Quantitative Analysis of Household Food Waste Collection in Warsaw: Assessing Efficiency and Waste Minimization

Piotr Manczarski, Anna Rolewicz-Kalińska, Krystyna Lelicińska-Serafin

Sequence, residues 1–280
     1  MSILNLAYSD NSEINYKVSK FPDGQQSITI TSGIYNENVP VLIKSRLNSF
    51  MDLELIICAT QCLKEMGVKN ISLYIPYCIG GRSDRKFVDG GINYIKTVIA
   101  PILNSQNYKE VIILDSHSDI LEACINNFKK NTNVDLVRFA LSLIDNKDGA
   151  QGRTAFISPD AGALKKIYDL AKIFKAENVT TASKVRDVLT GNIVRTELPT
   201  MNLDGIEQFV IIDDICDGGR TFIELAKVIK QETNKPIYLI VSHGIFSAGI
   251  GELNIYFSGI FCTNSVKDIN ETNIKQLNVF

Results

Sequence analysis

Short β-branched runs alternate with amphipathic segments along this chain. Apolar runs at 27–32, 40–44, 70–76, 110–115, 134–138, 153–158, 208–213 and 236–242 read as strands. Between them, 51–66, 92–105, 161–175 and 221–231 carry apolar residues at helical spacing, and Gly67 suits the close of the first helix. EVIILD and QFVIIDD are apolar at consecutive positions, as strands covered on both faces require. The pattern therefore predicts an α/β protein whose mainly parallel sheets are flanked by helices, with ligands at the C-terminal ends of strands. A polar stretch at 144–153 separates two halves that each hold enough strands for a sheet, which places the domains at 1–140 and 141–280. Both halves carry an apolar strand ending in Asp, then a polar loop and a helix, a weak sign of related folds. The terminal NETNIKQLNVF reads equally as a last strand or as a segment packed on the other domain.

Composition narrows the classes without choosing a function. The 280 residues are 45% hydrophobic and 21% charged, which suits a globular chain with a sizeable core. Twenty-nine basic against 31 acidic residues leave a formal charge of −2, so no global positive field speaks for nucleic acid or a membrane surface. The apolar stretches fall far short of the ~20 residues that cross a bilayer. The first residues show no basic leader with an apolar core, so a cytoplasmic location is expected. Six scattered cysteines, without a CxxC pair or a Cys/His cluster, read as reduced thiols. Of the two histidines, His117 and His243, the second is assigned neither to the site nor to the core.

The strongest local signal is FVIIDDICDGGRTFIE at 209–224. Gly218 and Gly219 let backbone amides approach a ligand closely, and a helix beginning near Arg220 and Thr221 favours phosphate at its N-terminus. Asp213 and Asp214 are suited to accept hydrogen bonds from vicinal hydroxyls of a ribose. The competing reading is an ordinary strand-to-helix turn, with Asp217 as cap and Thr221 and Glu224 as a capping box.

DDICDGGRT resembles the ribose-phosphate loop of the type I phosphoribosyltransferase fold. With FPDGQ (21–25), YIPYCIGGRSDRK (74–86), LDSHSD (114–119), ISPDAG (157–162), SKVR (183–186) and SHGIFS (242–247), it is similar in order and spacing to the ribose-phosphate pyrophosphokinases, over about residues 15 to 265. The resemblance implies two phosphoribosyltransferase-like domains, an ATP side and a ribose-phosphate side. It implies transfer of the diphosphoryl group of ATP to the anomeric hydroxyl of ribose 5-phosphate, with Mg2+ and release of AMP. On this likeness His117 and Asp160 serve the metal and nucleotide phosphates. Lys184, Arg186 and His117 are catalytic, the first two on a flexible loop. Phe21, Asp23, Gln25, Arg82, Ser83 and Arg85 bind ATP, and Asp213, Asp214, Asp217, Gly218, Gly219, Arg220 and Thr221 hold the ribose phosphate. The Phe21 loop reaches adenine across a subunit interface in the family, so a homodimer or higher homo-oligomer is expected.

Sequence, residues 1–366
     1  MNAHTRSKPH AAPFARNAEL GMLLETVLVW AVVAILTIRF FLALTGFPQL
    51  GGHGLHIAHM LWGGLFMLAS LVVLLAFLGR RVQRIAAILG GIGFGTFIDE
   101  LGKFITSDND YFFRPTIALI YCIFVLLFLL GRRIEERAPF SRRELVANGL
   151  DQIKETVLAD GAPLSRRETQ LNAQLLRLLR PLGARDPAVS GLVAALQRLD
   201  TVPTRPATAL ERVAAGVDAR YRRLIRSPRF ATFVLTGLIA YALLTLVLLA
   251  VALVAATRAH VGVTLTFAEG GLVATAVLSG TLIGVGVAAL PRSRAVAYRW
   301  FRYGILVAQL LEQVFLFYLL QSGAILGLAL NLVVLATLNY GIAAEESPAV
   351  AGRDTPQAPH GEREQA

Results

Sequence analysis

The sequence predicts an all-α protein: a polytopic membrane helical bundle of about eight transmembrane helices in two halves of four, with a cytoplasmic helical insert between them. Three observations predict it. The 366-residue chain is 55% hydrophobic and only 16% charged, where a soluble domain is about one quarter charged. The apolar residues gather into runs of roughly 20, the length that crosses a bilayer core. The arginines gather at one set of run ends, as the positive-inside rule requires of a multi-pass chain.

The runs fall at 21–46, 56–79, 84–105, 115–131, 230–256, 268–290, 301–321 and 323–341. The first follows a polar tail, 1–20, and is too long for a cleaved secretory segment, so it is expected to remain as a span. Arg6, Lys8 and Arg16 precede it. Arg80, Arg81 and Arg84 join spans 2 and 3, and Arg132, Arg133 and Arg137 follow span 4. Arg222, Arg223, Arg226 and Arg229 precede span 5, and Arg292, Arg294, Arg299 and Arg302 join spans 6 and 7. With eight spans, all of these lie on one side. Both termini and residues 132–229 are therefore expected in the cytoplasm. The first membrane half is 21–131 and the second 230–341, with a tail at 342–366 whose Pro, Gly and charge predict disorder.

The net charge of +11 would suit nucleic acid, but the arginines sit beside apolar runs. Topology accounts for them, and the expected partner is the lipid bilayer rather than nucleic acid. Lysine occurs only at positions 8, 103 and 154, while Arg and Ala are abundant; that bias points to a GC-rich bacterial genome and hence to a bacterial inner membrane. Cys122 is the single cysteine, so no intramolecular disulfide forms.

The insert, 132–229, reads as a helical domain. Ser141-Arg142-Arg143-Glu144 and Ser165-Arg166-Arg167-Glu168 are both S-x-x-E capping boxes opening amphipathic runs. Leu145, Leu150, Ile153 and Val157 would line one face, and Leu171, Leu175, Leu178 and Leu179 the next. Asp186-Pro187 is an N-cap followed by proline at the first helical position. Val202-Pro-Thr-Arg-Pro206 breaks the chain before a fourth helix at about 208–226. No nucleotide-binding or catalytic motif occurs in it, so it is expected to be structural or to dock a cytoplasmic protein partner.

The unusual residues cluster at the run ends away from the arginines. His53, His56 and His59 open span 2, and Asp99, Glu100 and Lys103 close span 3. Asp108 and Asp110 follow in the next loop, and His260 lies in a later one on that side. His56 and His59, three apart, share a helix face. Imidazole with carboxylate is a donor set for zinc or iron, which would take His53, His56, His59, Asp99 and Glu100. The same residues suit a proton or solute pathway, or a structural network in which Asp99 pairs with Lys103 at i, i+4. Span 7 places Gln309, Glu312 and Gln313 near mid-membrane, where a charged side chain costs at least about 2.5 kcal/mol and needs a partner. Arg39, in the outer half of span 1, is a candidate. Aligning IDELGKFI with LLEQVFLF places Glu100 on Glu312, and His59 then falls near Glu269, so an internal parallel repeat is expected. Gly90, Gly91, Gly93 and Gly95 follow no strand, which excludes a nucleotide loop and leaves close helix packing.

Food waste management is one of the key challenges of the circular economy and climate transition policies. The proper collection of food waste is the starting point for its further value recovery. Most of the quantitative and qualitative data used to measure the scale of food waste in households and its collection are based on statistical data, diaries, and questionnaires. There is a visible gap in research in terms of the use of direct research methods. This paper presents the results of a quantitative research study on household food waste accumulation and collection in Warsaw from two sources: single-family and multi-family households. The results of the study indicate that in Warsaw households, one can expect generation at the level of 33.4 kg·capita−1·year−1 of avoidable food waste and 38.2 kg·capita−1·year−1 of unavoidable food waste. The average food waste collection rate from households in Warsaw was determined to be at a level of 19.6 kg·capita−1·year−1. In multi-family buildings, which are dominant in Warsaw, this rate is half as pronounced (17.3 kg·capita−1·year−1) compared to single-family buildings (36.2 kg·capita−1·year−1). The average food waste collection efficiency rate from Warsaw households was at a level of 32%. Avoidable food waste accounted for 47% of all food waste generated. The study indicates a growing need to develop policy tools to support the separate collection and prevention of food waste.

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